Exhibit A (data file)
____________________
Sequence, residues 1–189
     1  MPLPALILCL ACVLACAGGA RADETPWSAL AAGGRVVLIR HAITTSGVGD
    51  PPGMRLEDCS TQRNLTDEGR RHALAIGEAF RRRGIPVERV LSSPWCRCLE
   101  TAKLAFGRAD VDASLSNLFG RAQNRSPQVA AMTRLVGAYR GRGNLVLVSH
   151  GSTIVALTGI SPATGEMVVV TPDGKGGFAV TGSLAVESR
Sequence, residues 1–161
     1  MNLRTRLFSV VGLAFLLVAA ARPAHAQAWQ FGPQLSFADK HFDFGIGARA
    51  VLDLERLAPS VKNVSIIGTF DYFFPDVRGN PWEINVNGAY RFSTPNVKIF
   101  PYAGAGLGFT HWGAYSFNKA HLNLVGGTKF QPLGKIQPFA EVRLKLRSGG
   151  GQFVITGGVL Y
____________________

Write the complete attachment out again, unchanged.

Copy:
Sequence, residues 1–189
     1  MPLPALILCL ACVLACAGGA RADETPWSAL AAGGRVVLIR HAITTSGVGD
    51  PPGMRLEDCS TQRNLTDEGR RHALAIGEAF RRRGIPVERV LSSPWCRCLE
   101  TAKLAFGRAD VDASLSNLFG RAQNRSPQVA AMTRLVGAYR GRGNLVLVSH
   151  GSTIVALTGI SPATGEMVVV TPDGKGGFAV TGSLAVESR
Sequence, residues 1–161
     1  MNLRTRLFSV VGLAFLLVAA ARPAHAQAWQ FGPQLSFADK HFDFGIGARA
    51  VLDLERLAPS VKNVSIIGTF DYFFPDVRGN PWEINVNGAY RFSTPNVKIF
   101  PYAGAGLGFT HWGAYSFNKA HLNLVGGTKF QPLGKIQPFA EVRLKLRSGG
   151  GQFVITGGVL Y